Do you remember the first time you became aware of your natural surroundings? Perhaps it was when an adult — perhaps your teacher — encouraged you to take an interest in the natural world or local history. Perhaps it was when a tree caught your eye, or the smell of wild garlic caught your nose. Or maybe it was some other trigger that spurred you on. These things don’t come naturally to everyone. Encouraging children to take an interest in the natural world and local history can be challenging but rewarding for both child and parent alike.
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Start with small things
There’s no need to go overboard and start building a nature trail in your back garden or researching every significant event ever to happen in your town. Instead, start small, and expand your children’s knowledge as they grow more interested. Introduce them to the plants and animals in your area — you’ll be surprised how much children can learn from observing the life around them. Children are often more open to learning when they’re younger, so start introducing topics when they’re young, and they’ll be more likely to take an interest as they get older. If you live near a nature reserve, take your children there regularly and point out interesting things. If you live near a historical site, visit it with your children and discuss its significance.
Expose your children to art and nature
There’s a lot of crossover between art and nature — the natural world and vice versa inspire many artists. Expose your children to both, and see which one appeals to them. You might find that your child is interested in a particular artist, or they might prefer to create their own art. If they are interested in a specific artist, look into their work and discuss what makes it so significant. Expose your children to nature as well. Nature is a crucial part of our world and helps inspire many artists. Take your children out into nature to look at plants and trees, and discuss how they’re connected to our lives. You could also visit a natural history museum or encourage them to go on history school trips.
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Point out interesting facts during your normal day
While you’re out doing your daily activities with your children, take the opportunity to point out interesting facts about your surroundings. This could be as simple as pointing out the type of tree in your backyard or a curious bird or type of insect you come across. You might also want to introduce your children to local history — the significance of the place where you live and how it came to be the way it is today. Many websites can help you do this. For example, you can find out about the history of your home town or the area around your school. You could also take your children to a historical site, such as a castle, a museum, or a significant building in your area.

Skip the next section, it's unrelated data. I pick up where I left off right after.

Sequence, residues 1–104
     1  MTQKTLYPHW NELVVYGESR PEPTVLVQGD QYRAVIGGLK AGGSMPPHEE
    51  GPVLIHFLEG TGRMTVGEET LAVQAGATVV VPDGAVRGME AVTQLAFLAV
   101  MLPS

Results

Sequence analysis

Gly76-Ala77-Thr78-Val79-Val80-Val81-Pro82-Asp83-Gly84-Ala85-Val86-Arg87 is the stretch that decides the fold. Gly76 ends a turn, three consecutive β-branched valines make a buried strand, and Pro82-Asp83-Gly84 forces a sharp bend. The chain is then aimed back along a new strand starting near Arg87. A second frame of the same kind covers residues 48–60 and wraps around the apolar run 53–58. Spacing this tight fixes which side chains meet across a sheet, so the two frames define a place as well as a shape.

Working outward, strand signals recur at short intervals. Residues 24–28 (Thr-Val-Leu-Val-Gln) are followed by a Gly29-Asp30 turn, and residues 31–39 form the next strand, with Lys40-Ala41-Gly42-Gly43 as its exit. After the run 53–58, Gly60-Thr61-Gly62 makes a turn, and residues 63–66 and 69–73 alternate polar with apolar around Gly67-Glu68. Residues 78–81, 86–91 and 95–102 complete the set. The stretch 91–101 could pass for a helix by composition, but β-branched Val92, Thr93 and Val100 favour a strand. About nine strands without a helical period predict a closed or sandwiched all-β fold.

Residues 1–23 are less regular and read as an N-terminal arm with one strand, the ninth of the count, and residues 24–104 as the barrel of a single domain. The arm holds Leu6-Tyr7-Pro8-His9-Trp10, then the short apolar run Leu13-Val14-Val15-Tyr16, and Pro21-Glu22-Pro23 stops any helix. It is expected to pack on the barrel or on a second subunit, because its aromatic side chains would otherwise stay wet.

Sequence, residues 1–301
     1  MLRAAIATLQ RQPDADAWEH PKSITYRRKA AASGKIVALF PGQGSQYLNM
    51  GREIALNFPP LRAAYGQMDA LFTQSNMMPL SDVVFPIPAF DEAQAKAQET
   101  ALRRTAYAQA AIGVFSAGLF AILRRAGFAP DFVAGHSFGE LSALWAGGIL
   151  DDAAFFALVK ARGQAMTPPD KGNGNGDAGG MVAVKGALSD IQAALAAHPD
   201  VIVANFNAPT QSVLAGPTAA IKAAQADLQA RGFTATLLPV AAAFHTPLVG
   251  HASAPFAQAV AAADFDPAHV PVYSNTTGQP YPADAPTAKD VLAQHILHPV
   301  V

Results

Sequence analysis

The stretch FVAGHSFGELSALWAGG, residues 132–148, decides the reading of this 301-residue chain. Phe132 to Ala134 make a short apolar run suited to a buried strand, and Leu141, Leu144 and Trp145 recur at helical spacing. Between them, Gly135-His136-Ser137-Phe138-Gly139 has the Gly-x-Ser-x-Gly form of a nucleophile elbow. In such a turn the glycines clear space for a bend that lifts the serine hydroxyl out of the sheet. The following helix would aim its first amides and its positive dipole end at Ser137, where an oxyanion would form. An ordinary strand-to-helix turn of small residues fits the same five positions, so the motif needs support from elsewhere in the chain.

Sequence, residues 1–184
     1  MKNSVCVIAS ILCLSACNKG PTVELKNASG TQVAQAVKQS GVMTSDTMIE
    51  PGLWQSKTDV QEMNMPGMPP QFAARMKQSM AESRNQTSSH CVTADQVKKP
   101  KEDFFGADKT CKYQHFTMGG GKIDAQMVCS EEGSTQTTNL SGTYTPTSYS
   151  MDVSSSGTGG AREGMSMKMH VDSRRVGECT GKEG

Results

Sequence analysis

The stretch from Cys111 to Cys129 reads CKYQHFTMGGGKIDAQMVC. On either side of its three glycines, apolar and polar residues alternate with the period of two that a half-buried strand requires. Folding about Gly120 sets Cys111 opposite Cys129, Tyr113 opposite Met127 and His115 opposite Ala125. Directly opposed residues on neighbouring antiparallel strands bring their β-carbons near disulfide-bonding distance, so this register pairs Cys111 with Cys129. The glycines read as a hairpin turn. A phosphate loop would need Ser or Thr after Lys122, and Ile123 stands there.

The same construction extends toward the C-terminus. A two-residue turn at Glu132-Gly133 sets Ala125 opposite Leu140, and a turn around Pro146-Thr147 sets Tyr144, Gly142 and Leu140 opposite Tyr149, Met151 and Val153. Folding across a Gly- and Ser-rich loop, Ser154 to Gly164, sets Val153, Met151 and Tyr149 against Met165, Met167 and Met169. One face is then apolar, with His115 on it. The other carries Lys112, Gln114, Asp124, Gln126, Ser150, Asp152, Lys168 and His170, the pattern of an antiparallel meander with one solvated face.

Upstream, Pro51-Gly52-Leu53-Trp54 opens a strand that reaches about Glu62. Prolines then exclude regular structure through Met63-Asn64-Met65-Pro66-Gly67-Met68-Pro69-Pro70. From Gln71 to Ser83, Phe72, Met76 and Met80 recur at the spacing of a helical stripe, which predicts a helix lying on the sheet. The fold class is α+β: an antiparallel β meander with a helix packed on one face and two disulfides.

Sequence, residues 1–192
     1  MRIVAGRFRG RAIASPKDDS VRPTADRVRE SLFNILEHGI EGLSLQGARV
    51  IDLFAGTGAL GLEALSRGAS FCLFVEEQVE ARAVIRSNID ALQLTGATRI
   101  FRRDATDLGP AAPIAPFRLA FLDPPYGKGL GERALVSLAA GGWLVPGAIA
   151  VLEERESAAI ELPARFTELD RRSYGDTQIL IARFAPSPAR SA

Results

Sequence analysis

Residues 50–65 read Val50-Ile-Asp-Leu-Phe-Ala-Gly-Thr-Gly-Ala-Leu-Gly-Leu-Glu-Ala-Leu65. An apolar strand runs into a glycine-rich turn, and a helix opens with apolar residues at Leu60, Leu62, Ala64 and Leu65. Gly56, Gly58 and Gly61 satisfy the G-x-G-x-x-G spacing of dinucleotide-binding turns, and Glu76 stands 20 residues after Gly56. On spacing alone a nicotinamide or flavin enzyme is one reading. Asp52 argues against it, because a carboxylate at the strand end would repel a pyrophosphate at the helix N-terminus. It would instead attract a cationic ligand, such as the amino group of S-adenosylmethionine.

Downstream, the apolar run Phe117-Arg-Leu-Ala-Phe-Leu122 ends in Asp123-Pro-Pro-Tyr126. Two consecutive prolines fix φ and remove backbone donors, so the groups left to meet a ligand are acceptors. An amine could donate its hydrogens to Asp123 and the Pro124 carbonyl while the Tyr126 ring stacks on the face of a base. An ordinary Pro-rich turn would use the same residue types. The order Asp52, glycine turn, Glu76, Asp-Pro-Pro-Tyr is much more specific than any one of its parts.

Go on activities that encourage an interest in nature and history together
Go on activities that encourage an interest in nature and history together, such as outdoor activities or visiting historical sites. Exploring nature and visiting historical sites will help your children become interested in both topics. While you’re out, take the opportunity to point out interesting things in nature and historical sites. Exploring nature and visiting historical sites together will help your children become interested in both topics. You can also get your children toys that encourage these interests, such as toy castles and knights, as well as farm sets.
Help them develop a skill or expertise that might help them feel more connected to the world around them
Help your children develop a skill or expertise that might help them feel more connected to the world around them — for example, learn about the local wildlife in your area (zoology, botany, ornithology, etc.) or the local history. If your children develop a strong interest in the local wildlife or a particular type of plant, they may feel more connected to their surroundings. They might also want to create and participate in related activities, such as entering competitions or visiting exhibitions.
Try games that simulate natural environments
Try games that simulate natural environments, such as games that incorporate plants or that simulate weather and environmental conditions. For example, you could try growing a garden and learning about the plants (or bringing an indoor plant out to share your knowledge with your children). You could also try to simulate a natural phenomenon, such as a thunderstorm or a blizzard. You could also try to simulate aspects of nature in your games. For example, you might want to try a game that simulates the migration of birds.